Having a good credit score is important when you are applying for a loan. But that three-digit number affects more than just your ability to qualify for a home loan. It can influence what you pay in other areas of life, even if you aren’t looking to borrow money. So, building and improving on your score is a key goal you should be working towards achieving.
Understanding Credit Scores
FICO, or the Fair Isaac Corporation, came up with an algorithm in the 1950s that assessed consumers and the probability of them paying back money they borrowed. This credit worthiness is calculated and given a numerical score between 300 and 850. The higher the number, the better.
Other credit scoring systems exist, but the FICO score is the one used most by financial institutions. Their rating system levels include:
● Excellent: 800 to 850
● Very Good: 740 to 799
● Good: 670 to 739
● Fair: 580 to 669
● Poor: 300 to 579
How it is Calculated
Normally, five factors are considered to calculate your credit score. Depending on who is putting together the score and what it is going to be used for, each of the factors may carry a different weight. These factors include:
Credit usage. The ratio of what credit is available to you and what you use is your credit utilization rate.
Credit mix. Installment loans (auto, home, and personal loans) and revolving accounts (credit cards) are part of this mix.
Hard inquiries. Lenders pull your credit history when you apply for an account. These hard inquiries can temporarily lower your credit score.
Length of credit history. The age of your accounts and length of time that you have had them plays into your credit history.
Payment history. Biggest factor affecting your credit score. Payments made (or not), timeliness of payments, and bankruptcies are all part of your payment history.
Impact on Your Life
Because of the availability today of personal financial data, everyone from financial institutions to employers to potential dating prospects will look at your credit score. Areas of life that can be impacted by a low credit score include:
● Employment. Employers run general credit checks to assess fiscal responsibility and trustworthiness in order to reduce their risk of potential embezzlement or theft by an employee. Jobs that require a security clearance may screen even further.
● Higher fees and rates on everything. Rates on cell phone plans, insurance, utilities, auto loans, student loans, personal loans, and credit cards can cost you more if your credit rating is poor.
● Housing. Renting an apartment? Landlords want trustworthy tenants who pay on time. Trying to buy a home? Mortgage lenders want those that qualify to buy a house because of their good credit.
● Love life. Would you date a person if you knew they did not pay their bills on time and had a credit score in the low 300s? A person’s attitude and relation with money can spill over into other relationships in their life. Many times, the higher your credit score, the more secure your marriage or relationship will be because it can be a reflection of your commitment level.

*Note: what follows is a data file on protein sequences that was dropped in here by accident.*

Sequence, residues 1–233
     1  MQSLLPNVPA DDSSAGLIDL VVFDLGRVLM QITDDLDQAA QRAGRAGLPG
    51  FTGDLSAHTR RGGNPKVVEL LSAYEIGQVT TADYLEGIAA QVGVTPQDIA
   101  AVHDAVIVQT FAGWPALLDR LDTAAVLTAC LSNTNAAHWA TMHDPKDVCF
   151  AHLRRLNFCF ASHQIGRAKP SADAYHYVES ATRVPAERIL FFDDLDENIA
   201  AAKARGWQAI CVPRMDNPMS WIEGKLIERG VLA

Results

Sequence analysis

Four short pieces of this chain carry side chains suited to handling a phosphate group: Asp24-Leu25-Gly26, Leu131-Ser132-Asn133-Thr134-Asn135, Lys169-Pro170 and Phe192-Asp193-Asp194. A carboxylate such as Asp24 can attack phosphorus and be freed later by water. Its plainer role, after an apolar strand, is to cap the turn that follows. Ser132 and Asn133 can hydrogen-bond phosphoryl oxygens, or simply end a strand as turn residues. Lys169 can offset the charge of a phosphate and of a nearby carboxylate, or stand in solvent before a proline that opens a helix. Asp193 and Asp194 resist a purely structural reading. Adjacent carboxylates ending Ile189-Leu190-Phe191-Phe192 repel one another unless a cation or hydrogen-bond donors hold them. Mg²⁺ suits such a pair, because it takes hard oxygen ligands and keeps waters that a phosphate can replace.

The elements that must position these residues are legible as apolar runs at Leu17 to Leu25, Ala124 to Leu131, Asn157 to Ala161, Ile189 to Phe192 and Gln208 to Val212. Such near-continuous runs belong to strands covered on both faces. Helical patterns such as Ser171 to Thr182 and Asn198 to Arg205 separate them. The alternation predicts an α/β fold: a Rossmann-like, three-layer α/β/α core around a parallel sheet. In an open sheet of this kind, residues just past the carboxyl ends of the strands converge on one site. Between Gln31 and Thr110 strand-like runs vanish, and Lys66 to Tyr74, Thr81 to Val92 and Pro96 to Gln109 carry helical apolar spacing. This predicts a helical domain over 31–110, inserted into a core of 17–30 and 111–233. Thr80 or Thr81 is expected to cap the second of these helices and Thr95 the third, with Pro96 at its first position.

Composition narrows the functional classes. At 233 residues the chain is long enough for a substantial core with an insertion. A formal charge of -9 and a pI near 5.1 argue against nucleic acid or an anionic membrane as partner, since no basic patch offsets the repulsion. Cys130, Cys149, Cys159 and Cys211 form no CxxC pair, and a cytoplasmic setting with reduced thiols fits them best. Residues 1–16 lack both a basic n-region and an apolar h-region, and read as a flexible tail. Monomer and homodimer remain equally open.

Building a Good Credit Score from Scratch
If you are just starting out and trying to build a good (or great!) credit score, remember that perfection is not the goal, but persistently making good choices is. A few things to keep in mind:
● Start with one credit card. There are two types of credit cards: secured and unsecured. A secured credit card requires a deposit in order to receive a line of credit. It is great for someone looking to build, or rebuild, their creditworthiness and work up to an unsecured credit line (one that doesn’t require a deposit).
● Pay the balance in full every month. Only charge or borrow what you can afford that month and pay off the balance each time.
● Make payments on time. Not just credit card and loan payments, but even rent and cell phone payments. Certain services will track and report your on-time payments to credit agencies to help build your credit score.
● Don’t max out credit cards. Your credit utilization rate, that ratio between what credit is available and how much you use, is important. Any rate over 30% will lower your credit score.
Rebuilding Your Credit Score
Perhaps you have gone through a bankruptcy, a divorce, identity theft, or other life event that has wrecked your credit score. With time and persistence, you can rebuild your credit score to good and excellent levels. Some steps include:
Pay bills on time. This is the most important factor.
Keep credit card balances low or non-existent. The gap between what credit is available to you and what you have used on your card is called credit utilization. Use no more than 30% of the credit available to you, the lower the percentage the better. Make payments more than once a month if needed. This is the second biggest factor in determining your credit score.
Request a higher credit limit. This can make your credit utilization rate lower and boost your score.
Check your credit report and dispute any errors. Take the time to clean up any errors on your credit report.
Your financial health depends on many factors, with your credit score being a major player. It can be overwhelming to think about building and rebuilding a good credit score, but you don’t have to do it alone. Working with a credit repair agency and financial planner can give you the guidance to establish and keep a credit score of which you can be proud.
Written by Matthew Delaney